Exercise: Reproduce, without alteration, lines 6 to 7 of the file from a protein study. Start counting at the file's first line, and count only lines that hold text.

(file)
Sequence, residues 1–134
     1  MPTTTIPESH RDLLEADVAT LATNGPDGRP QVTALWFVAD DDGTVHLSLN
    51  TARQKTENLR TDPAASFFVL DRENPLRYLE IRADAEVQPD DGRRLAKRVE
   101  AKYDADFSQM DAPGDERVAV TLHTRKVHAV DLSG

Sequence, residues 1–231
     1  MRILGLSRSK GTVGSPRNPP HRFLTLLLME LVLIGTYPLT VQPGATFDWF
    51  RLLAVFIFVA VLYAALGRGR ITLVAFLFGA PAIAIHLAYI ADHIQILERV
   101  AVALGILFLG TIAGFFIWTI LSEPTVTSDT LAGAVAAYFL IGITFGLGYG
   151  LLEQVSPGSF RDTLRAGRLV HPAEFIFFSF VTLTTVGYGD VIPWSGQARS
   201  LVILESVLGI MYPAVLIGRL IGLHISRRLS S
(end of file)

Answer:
     1  MRILGLSRSK GTVGSPRNPP HRFLTLLLME LVLIGTYPLT VQPGATFDWF
    51  RLLAVFIFVA VLYAALGRGR ITLVAFLFGA PAIAIHLAYI ADHIQILERV